As lockdown regulations lift, children head back at school and parents return to work the families that commute and do the daily school run might now be looking for a bigger car.
If like many others in South Africa, you have several children in school, or help with the school lift club, you'll often find yourself stacking kids like Tetris blocks; just to make everyone fit.
It can be a tedious task getting everyone, and their backpacks, in the vehicle – especially if it’s a five-seater vehicle.
We scoured the offerings from all the automakers in SA and came across four possibilities that might just fit the bill.
Our criteria was simple: it has to seat seven passengers, and have an asking price of under R300 000.
Datsun Go+: R169 500 – R194 800
The Go+ range consists of three models, and all are specified with the same engine. The top model, the Lux auto, is the only automatic option in the range and carries the highest price tag. Going on the entry-level Mid model's specification, the Go+ has front and rear electric windows, a USB port, Bluetooth and AUX connectivity, as well as a trip computer.
The Go+ uses a 1.2-litre petrol engine that produces 50kW and 104Nm. The three-cylinder motor sends power to the front wheels and will, according to Datsun SA, sip 5.5-litres/100km.
A range of 636km should, theoretically, be reachable on its 35-litre fuel tank.
Suzuki Ertiga: R218 900 – R284 900
Five models make up the Suzuki Ertiga range, all in different trim levels. Of the five models, only two are automatic, but Suzuki claims that the entire range has the same fuel economy of 6.2-litres/100km.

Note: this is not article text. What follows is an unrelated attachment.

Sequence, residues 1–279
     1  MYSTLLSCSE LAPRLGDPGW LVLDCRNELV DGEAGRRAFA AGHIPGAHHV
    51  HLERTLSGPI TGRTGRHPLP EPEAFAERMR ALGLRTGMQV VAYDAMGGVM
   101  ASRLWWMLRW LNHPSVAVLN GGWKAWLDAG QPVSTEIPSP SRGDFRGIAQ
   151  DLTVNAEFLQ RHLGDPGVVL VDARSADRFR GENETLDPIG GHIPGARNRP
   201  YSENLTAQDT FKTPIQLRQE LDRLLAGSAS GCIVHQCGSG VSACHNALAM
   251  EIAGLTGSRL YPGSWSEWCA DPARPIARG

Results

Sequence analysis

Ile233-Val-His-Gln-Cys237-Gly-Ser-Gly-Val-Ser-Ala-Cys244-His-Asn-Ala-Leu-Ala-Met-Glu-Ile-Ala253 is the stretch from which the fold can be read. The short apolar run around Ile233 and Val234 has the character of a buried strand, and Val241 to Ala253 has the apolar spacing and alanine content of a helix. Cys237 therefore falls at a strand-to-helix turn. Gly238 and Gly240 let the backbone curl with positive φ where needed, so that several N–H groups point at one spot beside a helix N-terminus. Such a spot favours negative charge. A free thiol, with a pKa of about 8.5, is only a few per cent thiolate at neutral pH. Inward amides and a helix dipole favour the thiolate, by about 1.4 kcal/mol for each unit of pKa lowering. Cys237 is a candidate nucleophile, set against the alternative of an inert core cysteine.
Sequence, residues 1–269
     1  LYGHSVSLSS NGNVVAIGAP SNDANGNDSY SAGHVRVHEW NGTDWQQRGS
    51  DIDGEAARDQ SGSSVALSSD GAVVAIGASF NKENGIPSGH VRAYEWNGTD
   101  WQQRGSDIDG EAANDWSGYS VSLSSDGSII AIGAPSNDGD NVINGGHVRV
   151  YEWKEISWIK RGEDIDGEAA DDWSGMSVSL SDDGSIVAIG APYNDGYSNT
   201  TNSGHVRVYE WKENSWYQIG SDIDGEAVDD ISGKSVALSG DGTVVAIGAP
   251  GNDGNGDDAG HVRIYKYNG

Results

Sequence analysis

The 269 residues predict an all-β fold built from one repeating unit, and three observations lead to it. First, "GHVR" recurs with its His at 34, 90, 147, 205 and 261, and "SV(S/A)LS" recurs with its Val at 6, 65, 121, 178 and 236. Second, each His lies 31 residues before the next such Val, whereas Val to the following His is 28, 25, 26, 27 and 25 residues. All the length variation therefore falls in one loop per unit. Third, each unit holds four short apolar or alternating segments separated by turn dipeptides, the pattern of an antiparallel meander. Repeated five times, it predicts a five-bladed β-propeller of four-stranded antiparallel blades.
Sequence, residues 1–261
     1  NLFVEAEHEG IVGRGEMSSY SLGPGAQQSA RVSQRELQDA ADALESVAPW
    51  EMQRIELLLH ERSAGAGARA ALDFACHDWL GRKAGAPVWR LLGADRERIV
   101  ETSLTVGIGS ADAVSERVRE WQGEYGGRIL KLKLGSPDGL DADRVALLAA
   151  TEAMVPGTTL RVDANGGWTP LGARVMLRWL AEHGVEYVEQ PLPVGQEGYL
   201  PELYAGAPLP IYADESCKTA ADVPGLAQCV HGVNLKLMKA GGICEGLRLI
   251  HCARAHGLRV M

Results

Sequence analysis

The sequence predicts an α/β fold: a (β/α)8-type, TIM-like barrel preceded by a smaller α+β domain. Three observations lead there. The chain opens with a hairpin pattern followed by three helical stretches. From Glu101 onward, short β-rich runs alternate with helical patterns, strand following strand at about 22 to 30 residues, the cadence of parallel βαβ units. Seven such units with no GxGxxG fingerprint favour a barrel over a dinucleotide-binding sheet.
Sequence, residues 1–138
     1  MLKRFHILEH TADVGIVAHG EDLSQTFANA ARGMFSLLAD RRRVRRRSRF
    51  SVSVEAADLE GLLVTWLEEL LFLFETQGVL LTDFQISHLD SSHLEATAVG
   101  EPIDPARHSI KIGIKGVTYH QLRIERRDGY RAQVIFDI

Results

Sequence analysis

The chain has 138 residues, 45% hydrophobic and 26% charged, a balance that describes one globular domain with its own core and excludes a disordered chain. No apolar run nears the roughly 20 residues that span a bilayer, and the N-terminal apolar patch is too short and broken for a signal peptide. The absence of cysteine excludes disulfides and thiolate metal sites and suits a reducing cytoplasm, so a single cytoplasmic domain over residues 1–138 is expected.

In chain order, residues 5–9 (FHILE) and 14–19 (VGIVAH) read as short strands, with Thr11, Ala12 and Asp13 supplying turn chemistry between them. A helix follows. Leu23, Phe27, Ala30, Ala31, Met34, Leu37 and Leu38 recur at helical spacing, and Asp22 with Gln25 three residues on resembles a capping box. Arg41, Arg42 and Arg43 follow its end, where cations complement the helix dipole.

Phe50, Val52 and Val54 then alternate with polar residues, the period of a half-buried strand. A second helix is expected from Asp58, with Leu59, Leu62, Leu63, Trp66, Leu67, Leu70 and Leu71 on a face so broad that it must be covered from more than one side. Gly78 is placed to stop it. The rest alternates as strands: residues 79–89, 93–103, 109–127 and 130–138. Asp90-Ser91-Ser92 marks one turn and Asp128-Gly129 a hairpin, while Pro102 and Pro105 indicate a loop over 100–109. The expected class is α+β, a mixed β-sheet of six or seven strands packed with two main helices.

On the engine front, a 1.5-litre petrol engine produces 77kW and 138Nm, and has enough in reserve to reach the claimed top speed of 175km/h. Both a manual and automatic gearbox are on offer. Still, in our experience, we believe the auto might impact overall fuel consumption negatively and would instead opt for the manual gearbox.
The Ertiga is fitted with technologies such as ABS, an onboard computer, and front and rear electric windows.
Toyota Avanza: R243 000 – R313 700
Given the badge on its nose, the Avanza will, for most people, be the default option in this list. Two engine choices comprise the range: a 1.3- and a 1.5-litre petrol engine. Both can be specified with either a five-speed manual gearbox or a four-speed manual transmission. Depending on which model you decide on, fuel consumption ranges between 6.1 and 6.7-litres/100km.
The 1.3-litre engine develops a respectable 71kW and 121Nm, whereas the 1.5-litre is good for 77kW and 137Nm. In both instances, given the lack of forced induction, both variants develop their power around the 4400rpm mark.
Interestingly, only the 1.5 TX is fitted with Bluetooth, USB, and AUX connectivity, a multi-function steering wheel, and Xenon LED headlights. The entry-level S model offers air-conditioning as an optional extra.
Mahindra TUV300: R249 999
The quirkiest car in our list, the Mahindra TUV300 is a real left-field option. It is not just the only diesel option in our list, but also the most affordable diesel seven-seater in our market! The TUV300’s turbocharged 1.5-litre engine produces 74kW and 240Nm; the latter available at a very low 1600rpm.
Because of the lowdown grunt, fuel consumption is rated at 5.4-litres/100km, and on the 60L fuel tank, a range of 1111km should be attainable.
All the features fitted to the rivals mentioned above also appear on the TUV300.
This is also the only vehicle here to be driven through the rear wheels.
Special mention: Renault launched its Triber earlier in 2020. Renault is bullish with pricing that starts at a competitive R164 900.
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